studies Poetry Novels Science fictionInstitutionsBangla AcademyAwards Bangla Academy
Bangla Academy
Literary Award Ekushey Pad
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Multan
Multan
Multan
(Punjabi, Saraiki, Urdu: مُلتان ‬‎ [mʊltaːn] ( listen)), is a Pakistani city and the headquarters of Multan District
Multan District
in the province of Punjab. Located on the banks of the Chenab River, Multan
Multan
is Pakistan's seventh most populous city,[4][5] and is the major cultural and economic centre of southern Punjab. Multan's history stretches deep into antiquity. The ancient city was site of the renowned Multan
Multan
Sun Temple, and was besieged by Alexander the Great during the Mallian Campaign.[6] Multan
Multan
was one of the most important trading centres of medieval Islamic India,[7] and attracted a multitude of Sufi
Sufi
mystics in the 11th and 12th centuries, earning the city the nickname City of Saints
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Minaret Of Jam
The Minaret
Minaret
of Jam is a UNESCO
UNESCO
World Heritage Site
World Heritage Site
in western Afghanistan. It is located in a remote and nearly inaccessible region of the Shahrak District, Ghor Province, next to the Hari River. The 62-metre (203 ft) high minaret[1] was built around 1190 entirely of baked bricks and is famous for its intricate brick, stucco and glazed tile decoration, which consists of alternating bands of kufic and naskhi calligraphy, geometric patterns, and verses from the Qur'an
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Masonry
Masonry
Masonry
is the building of structures from individual units, which are often laid in and bound together by mortar; the term masonry can also refer to the units themselves. The common materials of masonry construction are brick, building stone such as marble, granite, travertine, and limestone, cast stone, concrete block, glass block, and adobe. Masonry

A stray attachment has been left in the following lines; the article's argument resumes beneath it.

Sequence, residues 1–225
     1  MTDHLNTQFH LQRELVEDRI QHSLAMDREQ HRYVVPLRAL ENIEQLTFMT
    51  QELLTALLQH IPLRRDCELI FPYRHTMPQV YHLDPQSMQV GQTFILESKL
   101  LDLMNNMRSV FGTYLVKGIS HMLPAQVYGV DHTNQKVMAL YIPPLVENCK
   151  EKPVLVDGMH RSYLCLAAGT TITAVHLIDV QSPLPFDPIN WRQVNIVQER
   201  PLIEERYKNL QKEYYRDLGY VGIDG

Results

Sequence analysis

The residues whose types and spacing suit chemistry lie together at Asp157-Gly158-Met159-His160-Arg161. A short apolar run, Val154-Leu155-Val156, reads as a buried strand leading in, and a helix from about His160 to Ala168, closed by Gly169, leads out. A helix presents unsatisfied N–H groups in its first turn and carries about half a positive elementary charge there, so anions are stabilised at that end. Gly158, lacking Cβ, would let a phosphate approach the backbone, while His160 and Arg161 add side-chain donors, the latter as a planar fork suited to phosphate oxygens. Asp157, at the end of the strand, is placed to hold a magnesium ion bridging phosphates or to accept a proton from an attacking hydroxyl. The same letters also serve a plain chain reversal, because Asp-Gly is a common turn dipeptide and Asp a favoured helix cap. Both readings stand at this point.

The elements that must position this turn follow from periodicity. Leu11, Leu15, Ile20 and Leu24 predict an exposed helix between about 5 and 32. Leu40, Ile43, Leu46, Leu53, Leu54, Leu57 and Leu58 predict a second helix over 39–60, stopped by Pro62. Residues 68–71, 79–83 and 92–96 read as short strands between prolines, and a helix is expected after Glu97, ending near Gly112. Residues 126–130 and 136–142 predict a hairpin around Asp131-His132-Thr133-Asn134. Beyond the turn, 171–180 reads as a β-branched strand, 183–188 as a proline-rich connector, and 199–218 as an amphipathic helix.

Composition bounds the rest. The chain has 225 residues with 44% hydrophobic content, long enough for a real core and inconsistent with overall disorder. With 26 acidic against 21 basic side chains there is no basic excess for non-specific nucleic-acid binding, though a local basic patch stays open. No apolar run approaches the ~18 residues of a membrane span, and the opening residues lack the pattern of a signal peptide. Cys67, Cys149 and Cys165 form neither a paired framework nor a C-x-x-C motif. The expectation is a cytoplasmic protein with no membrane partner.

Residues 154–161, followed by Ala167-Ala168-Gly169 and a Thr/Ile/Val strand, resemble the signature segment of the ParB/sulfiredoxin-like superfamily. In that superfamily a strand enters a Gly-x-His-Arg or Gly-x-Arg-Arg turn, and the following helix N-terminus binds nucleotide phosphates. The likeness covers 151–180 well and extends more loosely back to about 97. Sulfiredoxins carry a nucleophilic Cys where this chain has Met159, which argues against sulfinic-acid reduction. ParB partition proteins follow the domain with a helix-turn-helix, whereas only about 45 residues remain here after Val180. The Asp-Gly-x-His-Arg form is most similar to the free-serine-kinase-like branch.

Masonry
is generally a highly durable form of construction. However, the materials used, the quality of the mortar and workmanship, and the pattern in which the units are assembled can substantially affect the durability of the overall masonry construction
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Brick
A brick is building material used to make walls, pavements and other elements in masonry construction. Traditionally, the term brick referred to a unit composed of clay, but it is now used to denote any rectangular units laid in mortar. A brick can be composed of clay-bearing soil, sand, and lime, or concrete materials. Bricks are produced in numerous classes, types, materials, and sizes which vary with region and time period, and are produced in bulk quantities. Two basic categories of bricks are fired and non-fired bricks. Block is a similar term referring to a rectangular building unit composed of similar materials, but is usually larger than a brick. Lightweight bricks (also called lightweight blocks) are made from expanded clay aggregate. Fired bricks are one of the longest-lasting and strongest building materials, sometimes referred to as artificial stone, and have been used since circa 4000 BC
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Islamic World
The terms Muslim
Muslim
world and Islamic world commonly refer to the unified Islamic community (Ummah), consisting of all those who adhere to the religion of Islam,[1] or to societies where Islam
Islam
is practiced.[2][3] In a modern geopolitical sense, these terms refer to countries where Islam
Islam
is widespread, although there are no agreed criteria for inclusion.[4][3] Some scholars and commentators have criticised the term 'Muslim/Islamic world' and its derivative terms 'Muslim/Islamic country' as "simplistic" and "binary", since no state has a religiously homogeneous population (e.g. Egypt's citizens are c
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Hindu Temple
ArtsBharatanatyam Kathak Kathakali Kuchipudi Manipuri Mohiniyattam Odissi Sattriya Bhagavata Mela Yakshagana Dandiya Raas Carnatic musicRites of passageGarbhadhana Pumsavana Simantonayana Jatakarma Namakarana Nishkramana Annaprashana Chudakarana Karnavedha Vidyarambha Upanayana Keshanta Ritushuddhi Samavartana Vivaha AntyeshtiAshrama DharmaAshrama: Brahmacharya Grihastha Vanaprastha SannyasaFestivalsDiwali Holi Shivaratri Navaratri Durga
Durga
Puja Ramlila Vijayadashami-Dussehra


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Hindu Temple Architecture
Hindu temple
Hindu temple
architecture has many varieties of style, though the basic nature of the Hindu temple
Hindu temple
remains the same, with the essential feature an inner sanctum, the garbha griha or womb-chamber, where the primary Murti
Murti
or the image of a deity is housed in a simple bare cell. Around this chamber there are often other structures and buildings, in the largest cases covering several acres. On the exterior, the garbhagriha is crowned by a tower-like shikhara, also called the vimana in the south. The shrine building often includes an ambulatory for parikrama (circumambulation), a mandapa congregation hall, and sometimes an antarala antechamber and porch between garbhagriha and mandapa